In the course of my research, I have often found family members with old photographs, letters, family Bibles, and other information with wide interest who have no idea how many people might be searching for such things. With the advent of cheap computer scanning, we finally have a method to copy and widely distribute such material in a high-quality format.

In a family as large as the descendants of Edward B. Walker, a huge number of things thought to be lost are not lost at all but have simply been passed down through other family lines. Someone may have several photographs of your 2nd great grandfather, for instance, while your own family line may have never even seen a picture of your great grandfather.

Tim Walker and I have focused on scanning everything important we can find, although I still have a large number of documents that have not been scanned. As much as I would like to post all such scans on this site, the realities of current technology require that I be judicious in the use of graphics on the site. No free Web site provider has the capacity to allow the free posting of the many large files involved, and Web hosts that would allow that much data would charge a fortune.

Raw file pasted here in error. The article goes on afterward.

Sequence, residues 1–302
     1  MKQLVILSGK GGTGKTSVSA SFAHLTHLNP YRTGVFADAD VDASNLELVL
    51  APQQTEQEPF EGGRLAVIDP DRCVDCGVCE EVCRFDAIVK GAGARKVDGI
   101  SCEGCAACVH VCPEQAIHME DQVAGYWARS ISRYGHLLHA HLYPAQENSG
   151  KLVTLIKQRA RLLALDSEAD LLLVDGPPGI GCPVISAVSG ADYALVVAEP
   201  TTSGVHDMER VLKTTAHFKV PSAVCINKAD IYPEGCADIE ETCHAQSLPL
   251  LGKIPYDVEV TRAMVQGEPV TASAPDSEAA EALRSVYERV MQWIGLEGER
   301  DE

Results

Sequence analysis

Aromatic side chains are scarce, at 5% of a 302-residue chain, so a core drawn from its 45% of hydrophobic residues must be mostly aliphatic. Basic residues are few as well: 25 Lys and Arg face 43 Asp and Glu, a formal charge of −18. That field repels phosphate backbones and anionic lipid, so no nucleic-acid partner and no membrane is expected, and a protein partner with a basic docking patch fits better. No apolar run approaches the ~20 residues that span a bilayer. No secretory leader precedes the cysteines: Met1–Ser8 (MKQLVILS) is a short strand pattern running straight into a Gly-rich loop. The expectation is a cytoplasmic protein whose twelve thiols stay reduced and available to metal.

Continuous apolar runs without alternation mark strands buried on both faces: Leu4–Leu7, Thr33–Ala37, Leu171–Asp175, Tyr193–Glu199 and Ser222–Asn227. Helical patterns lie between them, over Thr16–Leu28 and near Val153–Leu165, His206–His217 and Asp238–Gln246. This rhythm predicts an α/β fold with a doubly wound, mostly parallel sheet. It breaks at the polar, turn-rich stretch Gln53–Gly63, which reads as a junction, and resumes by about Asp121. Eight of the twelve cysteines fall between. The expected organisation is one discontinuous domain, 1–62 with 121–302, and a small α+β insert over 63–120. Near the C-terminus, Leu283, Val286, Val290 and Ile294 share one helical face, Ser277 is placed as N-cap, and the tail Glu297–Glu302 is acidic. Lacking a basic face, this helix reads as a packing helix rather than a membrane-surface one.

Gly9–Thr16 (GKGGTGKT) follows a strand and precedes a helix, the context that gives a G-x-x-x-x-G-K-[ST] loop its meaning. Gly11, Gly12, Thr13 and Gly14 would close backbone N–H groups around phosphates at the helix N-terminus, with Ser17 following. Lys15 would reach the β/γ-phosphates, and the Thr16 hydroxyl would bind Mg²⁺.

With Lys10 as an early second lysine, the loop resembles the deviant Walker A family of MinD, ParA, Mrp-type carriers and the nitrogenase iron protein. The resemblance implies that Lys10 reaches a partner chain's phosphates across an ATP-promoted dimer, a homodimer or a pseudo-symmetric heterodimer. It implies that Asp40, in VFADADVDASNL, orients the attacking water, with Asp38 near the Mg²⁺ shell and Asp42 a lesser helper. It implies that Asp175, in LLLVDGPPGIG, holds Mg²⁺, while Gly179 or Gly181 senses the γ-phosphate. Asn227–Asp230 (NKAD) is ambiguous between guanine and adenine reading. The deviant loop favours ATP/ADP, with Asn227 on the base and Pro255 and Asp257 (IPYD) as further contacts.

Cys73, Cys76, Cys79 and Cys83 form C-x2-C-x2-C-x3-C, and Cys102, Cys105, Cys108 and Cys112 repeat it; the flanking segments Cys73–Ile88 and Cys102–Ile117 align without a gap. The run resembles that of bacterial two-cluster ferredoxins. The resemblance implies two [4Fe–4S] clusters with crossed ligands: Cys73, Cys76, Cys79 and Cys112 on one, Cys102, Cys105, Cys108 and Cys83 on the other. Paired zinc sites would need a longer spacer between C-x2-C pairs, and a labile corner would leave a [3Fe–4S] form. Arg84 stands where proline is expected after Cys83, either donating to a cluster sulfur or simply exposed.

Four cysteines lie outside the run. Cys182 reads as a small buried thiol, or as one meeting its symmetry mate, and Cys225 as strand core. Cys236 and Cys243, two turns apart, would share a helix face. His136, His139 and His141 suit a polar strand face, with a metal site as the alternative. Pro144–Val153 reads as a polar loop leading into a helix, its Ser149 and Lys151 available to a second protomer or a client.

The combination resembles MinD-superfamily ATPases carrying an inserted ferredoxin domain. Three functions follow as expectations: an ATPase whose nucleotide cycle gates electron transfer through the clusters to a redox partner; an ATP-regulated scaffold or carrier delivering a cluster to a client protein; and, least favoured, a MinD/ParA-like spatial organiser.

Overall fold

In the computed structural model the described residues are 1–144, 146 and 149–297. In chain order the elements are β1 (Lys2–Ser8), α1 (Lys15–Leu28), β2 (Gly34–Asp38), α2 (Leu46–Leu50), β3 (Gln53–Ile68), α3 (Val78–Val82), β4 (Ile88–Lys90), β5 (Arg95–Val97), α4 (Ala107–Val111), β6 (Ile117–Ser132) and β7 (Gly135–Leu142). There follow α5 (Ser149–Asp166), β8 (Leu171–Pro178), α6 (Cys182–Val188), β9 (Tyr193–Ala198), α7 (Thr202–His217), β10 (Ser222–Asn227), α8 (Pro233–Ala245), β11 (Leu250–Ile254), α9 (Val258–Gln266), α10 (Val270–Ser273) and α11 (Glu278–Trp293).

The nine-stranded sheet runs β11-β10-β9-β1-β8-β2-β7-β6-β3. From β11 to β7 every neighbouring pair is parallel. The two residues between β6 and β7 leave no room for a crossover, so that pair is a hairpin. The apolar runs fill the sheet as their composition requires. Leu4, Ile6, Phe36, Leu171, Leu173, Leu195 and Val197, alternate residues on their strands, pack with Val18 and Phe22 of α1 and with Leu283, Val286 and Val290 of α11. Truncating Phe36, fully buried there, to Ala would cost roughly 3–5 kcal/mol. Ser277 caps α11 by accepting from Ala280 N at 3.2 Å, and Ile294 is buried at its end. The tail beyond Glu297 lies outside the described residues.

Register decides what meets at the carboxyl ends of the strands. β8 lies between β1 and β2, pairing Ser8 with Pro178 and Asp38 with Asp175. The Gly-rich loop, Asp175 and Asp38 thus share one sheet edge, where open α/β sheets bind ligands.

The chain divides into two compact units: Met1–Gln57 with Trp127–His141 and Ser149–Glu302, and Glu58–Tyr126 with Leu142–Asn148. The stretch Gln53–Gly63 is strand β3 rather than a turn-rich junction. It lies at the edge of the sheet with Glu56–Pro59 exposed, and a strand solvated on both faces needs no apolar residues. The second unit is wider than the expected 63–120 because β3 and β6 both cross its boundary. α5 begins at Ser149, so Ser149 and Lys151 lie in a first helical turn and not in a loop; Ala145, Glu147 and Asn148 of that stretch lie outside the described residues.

I do expect the situation to change in a very few years as disk space gets even cheaper, but, in the meantime, I have tried to document either on this site or in my Family Fileoffsite link to WorldConnect the scans that I do have, and I can often email them or at least send them on CD. In any case, the collection is growing and will be made available to libraries and such in the future so that future researchers can discover them all over again without doing even more legwork and so that they will not once again be "lost".